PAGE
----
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Steppe Eagle
Aquila nipalensis

Accipitriforme Order – Accipitridae Family

Length: 72-81 cm
Wingspan: 160-200 cm
Weight: 2400-3900 g

LONGEVITY: Up to 41 years in captivity

Steppe Eagle adult has dark brown plumage overall. The body is darker than the greyish wings. Flight and tail feathers are greyish, and may be barred dark grey.

Fr : Aigle des steppes
All : Steppenadler
Esp : Águila Esteparia
Ital : Aquila delle steppe
Nd : Steppearend
Russe : Степняк
Sd: Stäppörn


Niraj V. Mistry
Photo Galleries

Aurélien Audevard

Text by Nicole Bouglouan

Sources :

HANDBOOK OF THE BIRDS OF THE WORLD Vol 2 by Josep del Hoyo-Andrew Elliot-Jordi Sargatal - Lynx Edicions - ISBN: 8487334156

GUIDE DES RAPACES DIURNES – Europe, Afrique du Nord et Moyen-Orient de Benny Génsbol – Delachaux et Niestlé – ISBN : 2603013270 

Avibase (Lepage Denis)

ARKive (Christopher Parsons)

Wikipedia (Wikipedia, The Free Encyclopedia)


Home page

Page Birds of prey

Summary cards


Steppe Eagle resembles several other eagles’ species, but the main features are the rufous patches visible on nape and neck of adults, and the large gape. 
Numerous eagles show pale rump and white patch on back.
When flying, we can see a whitish patch on the hand, and some eagles have pale inner webs on most of the primary feathers.
The strong, hooked bill is dark grey with yellow cere and long gape. Nostrils are oval. Eyes are brown. Short legs are feathered brown. Talons are yellow.

Female is similar in plumage, but larger than male.

Juvenile eagle and immature often show broad white band along the greater coverts on the underwing. Plumage is paler.
The young Steppe Eagle reaches the adult plumage at 4-5 years.

We find two subspecies:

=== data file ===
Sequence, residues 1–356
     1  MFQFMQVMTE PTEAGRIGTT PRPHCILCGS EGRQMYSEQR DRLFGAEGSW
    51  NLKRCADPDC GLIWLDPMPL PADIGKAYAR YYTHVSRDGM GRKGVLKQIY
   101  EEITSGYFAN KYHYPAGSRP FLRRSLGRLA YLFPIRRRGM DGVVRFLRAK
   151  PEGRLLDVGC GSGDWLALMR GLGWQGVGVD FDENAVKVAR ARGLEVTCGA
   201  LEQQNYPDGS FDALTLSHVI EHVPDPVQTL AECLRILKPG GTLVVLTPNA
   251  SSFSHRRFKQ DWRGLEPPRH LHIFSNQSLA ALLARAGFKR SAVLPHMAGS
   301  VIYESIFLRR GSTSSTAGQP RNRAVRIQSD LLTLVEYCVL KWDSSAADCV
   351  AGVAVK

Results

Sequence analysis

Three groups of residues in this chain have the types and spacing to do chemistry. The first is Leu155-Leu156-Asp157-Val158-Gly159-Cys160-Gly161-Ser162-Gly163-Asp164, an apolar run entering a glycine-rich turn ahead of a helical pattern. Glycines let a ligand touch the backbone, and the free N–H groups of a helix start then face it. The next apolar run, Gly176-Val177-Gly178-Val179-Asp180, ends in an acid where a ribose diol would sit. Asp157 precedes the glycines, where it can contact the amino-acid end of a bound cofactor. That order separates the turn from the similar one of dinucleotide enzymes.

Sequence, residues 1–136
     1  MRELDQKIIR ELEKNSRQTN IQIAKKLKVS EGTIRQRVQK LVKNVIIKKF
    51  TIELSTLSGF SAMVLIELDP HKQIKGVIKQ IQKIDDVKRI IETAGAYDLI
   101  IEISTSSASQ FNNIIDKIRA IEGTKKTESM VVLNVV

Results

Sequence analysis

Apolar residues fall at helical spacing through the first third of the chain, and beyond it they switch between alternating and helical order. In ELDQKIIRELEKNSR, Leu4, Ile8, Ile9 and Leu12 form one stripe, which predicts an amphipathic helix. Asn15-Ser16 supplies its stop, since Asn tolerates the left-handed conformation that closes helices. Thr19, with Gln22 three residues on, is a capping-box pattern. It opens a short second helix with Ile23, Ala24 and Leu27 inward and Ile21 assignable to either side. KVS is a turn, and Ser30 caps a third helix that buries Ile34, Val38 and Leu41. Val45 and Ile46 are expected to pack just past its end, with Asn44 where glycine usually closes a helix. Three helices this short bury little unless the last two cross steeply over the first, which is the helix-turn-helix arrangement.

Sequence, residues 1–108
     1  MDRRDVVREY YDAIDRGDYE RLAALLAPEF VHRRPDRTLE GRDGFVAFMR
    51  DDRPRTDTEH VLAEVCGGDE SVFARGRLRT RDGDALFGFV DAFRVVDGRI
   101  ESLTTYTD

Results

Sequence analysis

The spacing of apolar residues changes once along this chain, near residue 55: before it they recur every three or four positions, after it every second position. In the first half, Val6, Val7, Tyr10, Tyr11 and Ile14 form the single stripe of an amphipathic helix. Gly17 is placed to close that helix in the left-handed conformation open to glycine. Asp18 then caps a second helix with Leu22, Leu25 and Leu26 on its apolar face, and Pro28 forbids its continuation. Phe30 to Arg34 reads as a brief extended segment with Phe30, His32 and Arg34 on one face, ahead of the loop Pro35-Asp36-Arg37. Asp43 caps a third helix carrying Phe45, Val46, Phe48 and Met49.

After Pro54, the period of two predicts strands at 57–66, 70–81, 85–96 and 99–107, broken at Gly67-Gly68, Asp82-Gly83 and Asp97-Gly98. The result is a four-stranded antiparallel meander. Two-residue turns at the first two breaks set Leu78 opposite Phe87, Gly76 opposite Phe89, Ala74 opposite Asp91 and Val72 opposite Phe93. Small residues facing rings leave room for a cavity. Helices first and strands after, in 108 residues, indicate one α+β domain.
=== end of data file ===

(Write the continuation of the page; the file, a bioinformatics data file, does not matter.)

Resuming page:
A.n. nipalensis
A.n. orientalis, slightly smaller and paler.   

Steppe Eagle is usually silent outside breeding season, but when displaying, it utters crow-like barking. Calls are often given during some behaviour such as displays, contact, alarm and threat. 

Steppe Eagle frequents grassy steppes and semi-desert.
The subspecies “nipalensis” is found in mountainous areas during the breeding season, up to 2300 metres of elevation, whereas the race “orientalis” breeds in lowlands.

Steppe Eagle breeds from Romania, through the Asiatic steppes to Mongolia.
They are migratory raptors. The European and Central Asian races winter in Africa, whereas the eastern races winter in India.

Steppe Eagle feeds almost exclusively on several races of susliks, and especially Little Suslik (Citellus pygmaeus), small rodent related to terrestrial squirrels.
It also may take other small rodents and young terrestrial birds, and occasionally crickets and reptiles.
Steppe Eagle hunts from a hide and often pursues the prey before to catch it. This eagle may hunt by walking, or while flying, by circling and diving. It also waits at burrow entrance for rodents.  It captures the preys with the talons.    

Steppe Eagle arrives in March at breeding areas. Both mates often arrive together. 
In this species, breeding season is strongly dependent on preys’ availability.  

They are migratory birds, leaving the breeding areas in late August for their wintering territories.

Steppe Eagle has long, broad wings, and flies with heavy, slow wing beats.  When circling, the wings are held horizontally with slightly hanging hand. When soaring, wings are raised and bent at hand level.

Breeding season occurs from April to July.
The nest is usually on the ground, with good view of the surroundings, but this species now, often nests on bushes or small trees, a few metres above the ground.
The nest is a large platform made with sticks, and the cup is lined with materials such as twigs, rags, bones, feathers and camel dung. But the lining depends on the availability of nest materials.

Female lays 1-3 eggs. Incubation lasts about 45 days.
Chicks are covered with white down at hatching, turning greyer later.  
They fledge about 55 to 65 days after hatching.
Breeding success depends on the susliks’ availability.

Steppe Eagle uses wide variety of hunting techniques, and may catch preys by walking or flying. It often steals preys from other raptors when in flight.
Susliks are their favourite preys, but other rodents, terrestrial birds, reptiles and crickets are also taken. Carrion is eaten during migration and on wintering areas, mainly by immature birds.

Steppe Eagle is vulnerable to persecution, changes or destruction of their habitat for agriculture, and collision with power lines.
This species may be common in suitable habitat, and it is one of the most common eagles in the world.
Steppe Eagle is not threatened at this moment.